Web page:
AIM is a Dutch-based multistakeholder network of organisations from government, civil society, business and research that serves as an innovation platform for different pathways to reducing malnutrition. The panels and presentations were interesting but, as usual, I was left wondering what will success look like? What will be AIM’s impact? It has been going for 3 years, so it is too early to find real change yet, but the question remains--what will change look like and who will benefit?
As an intro, Jay Naidoo gave a rip-roaring speech about how malnutrition is a political statement (couldn’t agree more) and how it would require a whole of society approach to struggle for change.
David Nabarro, as ever, crystallised many of the ideas in the room. He said these kinds of multistakeholder platforms:
- have 5 features of success: Inclusiveness, innovation, impact, inspirational, and be inspected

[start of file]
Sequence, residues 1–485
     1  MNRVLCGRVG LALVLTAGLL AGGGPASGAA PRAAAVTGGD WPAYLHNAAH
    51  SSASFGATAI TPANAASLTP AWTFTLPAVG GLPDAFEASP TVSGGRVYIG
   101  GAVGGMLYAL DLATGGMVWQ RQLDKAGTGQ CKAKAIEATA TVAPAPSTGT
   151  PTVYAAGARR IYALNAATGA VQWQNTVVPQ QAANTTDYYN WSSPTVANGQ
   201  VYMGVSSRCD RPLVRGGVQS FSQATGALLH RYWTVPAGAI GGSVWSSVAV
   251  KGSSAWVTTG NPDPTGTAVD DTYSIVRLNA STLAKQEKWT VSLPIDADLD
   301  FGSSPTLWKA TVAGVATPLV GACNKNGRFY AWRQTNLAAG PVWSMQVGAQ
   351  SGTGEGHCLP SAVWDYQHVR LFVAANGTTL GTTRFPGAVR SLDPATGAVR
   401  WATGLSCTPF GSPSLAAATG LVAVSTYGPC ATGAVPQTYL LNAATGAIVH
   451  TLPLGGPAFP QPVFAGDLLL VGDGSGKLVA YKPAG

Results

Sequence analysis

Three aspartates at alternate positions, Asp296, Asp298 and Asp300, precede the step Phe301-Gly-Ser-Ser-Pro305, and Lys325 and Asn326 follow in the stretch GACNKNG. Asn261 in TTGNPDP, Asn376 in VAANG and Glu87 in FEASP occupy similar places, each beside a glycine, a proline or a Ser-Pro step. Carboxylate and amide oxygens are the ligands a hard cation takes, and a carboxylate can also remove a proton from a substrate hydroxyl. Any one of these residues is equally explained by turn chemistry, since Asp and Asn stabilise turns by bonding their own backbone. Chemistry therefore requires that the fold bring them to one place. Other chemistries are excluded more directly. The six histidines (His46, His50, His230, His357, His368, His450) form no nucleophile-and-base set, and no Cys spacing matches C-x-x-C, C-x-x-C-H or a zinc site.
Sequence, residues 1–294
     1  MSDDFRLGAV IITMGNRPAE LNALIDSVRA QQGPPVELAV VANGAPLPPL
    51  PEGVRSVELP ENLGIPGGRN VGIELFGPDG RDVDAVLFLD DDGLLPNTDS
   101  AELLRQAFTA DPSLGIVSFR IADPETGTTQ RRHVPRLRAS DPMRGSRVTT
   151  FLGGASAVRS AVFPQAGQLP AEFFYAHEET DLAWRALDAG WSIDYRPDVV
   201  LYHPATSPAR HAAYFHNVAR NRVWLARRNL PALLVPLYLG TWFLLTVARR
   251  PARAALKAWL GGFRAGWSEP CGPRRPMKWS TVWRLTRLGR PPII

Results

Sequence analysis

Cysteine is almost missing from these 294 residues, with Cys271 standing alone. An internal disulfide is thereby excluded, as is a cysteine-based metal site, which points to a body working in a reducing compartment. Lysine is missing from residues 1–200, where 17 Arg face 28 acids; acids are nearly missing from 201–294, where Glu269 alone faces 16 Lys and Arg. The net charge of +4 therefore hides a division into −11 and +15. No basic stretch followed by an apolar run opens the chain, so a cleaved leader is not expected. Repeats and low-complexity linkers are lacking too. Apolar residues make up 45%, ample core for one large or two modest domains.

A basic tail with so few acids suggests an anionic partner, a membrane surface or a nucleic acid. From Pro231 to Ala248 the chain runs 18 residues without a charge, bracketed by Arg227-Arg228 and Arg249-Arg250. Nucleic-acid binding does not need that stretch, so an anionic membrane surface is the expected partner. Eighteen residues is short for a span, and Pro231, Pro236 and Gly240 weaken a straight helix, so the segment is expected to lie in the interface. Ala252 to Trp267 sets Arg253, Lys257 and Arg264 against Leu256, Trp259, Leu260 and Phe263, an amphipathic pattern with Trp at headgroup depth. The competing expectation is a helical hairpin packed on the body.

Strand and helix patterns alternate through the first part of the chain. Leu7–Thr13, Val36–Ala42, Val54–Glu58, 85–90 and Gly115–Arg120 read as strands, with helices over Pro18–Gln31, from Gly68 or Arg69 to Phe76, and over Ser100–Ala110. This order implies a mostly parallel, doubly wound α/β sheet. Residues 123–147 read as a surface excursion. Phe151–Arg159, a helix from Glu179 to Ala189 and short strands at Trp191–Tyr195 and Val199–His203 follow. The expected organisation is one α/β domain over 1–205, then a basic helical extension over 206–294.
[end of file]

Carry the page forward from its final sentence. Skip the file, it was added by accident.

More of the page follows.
- usually go through 5 stages: transactions, transformation, time, trust and totality, and
- have 5 characteristics of operation: sticking to the issue, sustainable models, struggle for equity and change, sharing of principles and a scale up where possible
This is also my conclusion. Without credible impact assessment, ideology wars just play out in the same old boring way. We need to occupy the space between “puff” and “plunder” when it comes to the role of business in nutrition.
In the absence of credible independent evidence on impacts, for those not ideologically opposed, “Puff” (or public relations) is what business initiatives often seem to be. For those who are ideologically opposed, the absence of independent evidence allows the “Plunder” narrative to go unopposed. We must begin to occupy the space between puff and plunder.
AIM has the potential to do this because it has a monitoring and evaluation budget (process and impact). There was a lot of talk about the risks involved in engaging in these multistakeholder partnerships involving the private sector—financial, reputation, and livelihood risks and strategies for sharing, pooling, and managing those risks.
But I suspect the lack of credible independent effort to assess impact is the biggest risk of all. I hope AIM will begin to change all that.